Name of the Teacher English Name of the Concerned Professor 2 December 2013 The Turn of the Screw- The Intermingling of the Believable and the Deceptive There is no denying the fact that The Turn of the Screw written by Henry James happens to be both an enervating as well as a deeply engrossing ghost novella…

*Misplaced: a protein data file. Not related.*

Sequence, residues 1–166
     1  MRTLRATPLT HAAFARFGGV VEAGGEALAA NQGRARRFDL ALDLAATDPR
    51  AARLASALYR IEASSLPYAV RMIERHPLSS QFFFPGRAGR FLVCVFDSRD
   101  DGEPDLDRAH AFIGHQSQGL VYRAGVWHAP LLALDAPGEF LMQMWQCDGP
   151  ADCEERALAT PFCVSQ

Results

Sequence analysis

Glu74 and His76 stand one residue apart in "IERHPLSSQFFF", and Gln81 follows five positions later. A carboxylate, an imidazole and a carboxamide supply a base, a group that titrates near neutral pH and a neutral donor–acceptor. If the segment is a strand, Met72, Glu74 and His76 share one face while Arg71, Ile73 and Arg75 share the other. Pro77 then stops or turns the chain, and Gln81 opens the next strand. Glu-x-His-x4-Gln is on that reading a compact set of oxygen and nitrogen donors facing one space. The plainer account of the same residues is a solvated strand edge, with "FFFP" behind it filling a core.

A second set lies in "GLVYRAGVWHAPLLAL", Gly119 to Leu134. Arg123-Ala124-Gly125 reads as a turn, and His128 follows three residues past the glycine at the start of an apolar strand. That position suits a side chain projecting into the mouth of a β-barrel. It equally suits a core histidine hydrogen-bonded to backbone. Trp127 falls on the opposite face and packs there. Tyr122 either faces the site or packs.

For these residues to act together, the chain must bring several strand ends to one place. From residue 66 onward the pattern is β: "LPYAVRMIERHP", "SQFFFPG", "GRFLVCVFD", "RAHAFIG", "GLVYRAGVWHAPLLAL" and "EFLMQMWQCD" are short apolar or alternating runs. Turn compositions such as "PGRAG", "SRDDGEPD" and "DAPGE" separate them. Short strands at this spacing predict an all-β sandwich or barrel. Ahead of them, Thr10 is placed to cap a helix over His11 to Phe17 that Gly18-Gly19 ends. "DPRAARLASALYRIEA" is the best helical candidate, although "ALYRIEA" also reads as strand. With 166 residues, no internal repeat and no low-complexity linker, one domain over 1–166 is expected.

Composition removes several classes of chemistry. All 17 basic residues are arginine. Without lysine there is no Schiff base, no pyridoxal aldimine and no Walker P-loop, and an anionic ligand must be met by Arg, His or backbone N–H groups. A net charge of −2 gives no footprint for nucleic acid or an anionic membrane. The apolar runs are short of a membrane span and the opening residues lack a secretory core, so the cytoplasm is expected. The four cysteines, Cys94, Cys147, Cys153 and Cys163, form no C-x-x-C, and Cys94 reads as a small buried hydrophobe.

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It does not happen to be a ghost story that wrenches the readers’ interest by the inclusion of gross elements like blood curdling episodes and enervating shrieks and action on the part of the ghosts and apparitions. Rather the horror style of Henry James does differ from the other fiction writers in the sense that it happens to be sophisticated and subtle that inculcates the element of horror in the narrative with much finesse and craftsmanship, thereby allowing the readers to exercise their imagination while perusing a work of fiction that is disturbingly open and inconclusive in terms of climax. In The Turn of the Screw Henry James resorts to a combination of the usual elements of a ghost narrative and his unique ability to engage the imagination of the reader through subtle suggestions, to present his peculiar brand of horror. Even while attempting a cursory perusal of the text, the readers simply cannot help noticing the astute way in which Henry James subscribes to a range of narrative devices to facilitate a disturbing as well as fabulous rendition of the psychic elements within the story. As per Jeffery Williams, “The frame of the Turn of the Screw figures a different scene, the conditions not as fatally serious, but nonetheless as urgent, coding the story primarily in terms of entertainment and an overwhelming curiosity (Williams 112).” It goes without saying that the events and actions within the narrative are so arranged to cull out the desired emotive response on the part of the readers, without leaving any scope for the superfluous and the gross. For instance the governess’ narrative begins with the observation that, “I remember the whole beginning as a succession of flights and drops, a little seesaw of the right throbs and the wrong (James 12).” These lines bring in an element of expectation within the narrative without resorting to abject horror and intimidation on the part of the writer. Such astute comments on the part of the governess and other characters do command a weight in the sense that they present the way characters react and act, in the meantime bringing forth their moral and dispositional traits. As it gets very evident from the given line, the element of horror is introduced slowly but steadily in the narrative to titillate the senses of the readers, without resorting to any abject presentation of the blood curdling horror. The writers presents the governess’ first encounter with the absurd as, “That was exactly present to me- by which I mean the face was- when, on the first of these occasions, at the end of a long June day, I stopped short on emerging from one of the plantations and coming into view of the house (James 26).” With the direct encounter of the governess with the imminent horror as expressed in this line, the plot in the novella gets dense to arouse the expectations of the readers as to the future course of action within the story and the eventual turn that the narrative will take. The way the characters in the story are presented, as in the case of Flora, “She expressed in her little way an extraordinary detachment from the disagreeable duties, looking to me, however, with a great childish light that seemed to offer it as a mere result of the affection she has conceived for my person... (James 20)”, make the readers readily strike a bond with the characters and they simply cannot help being concerned about as to what will eventually happen to them. This
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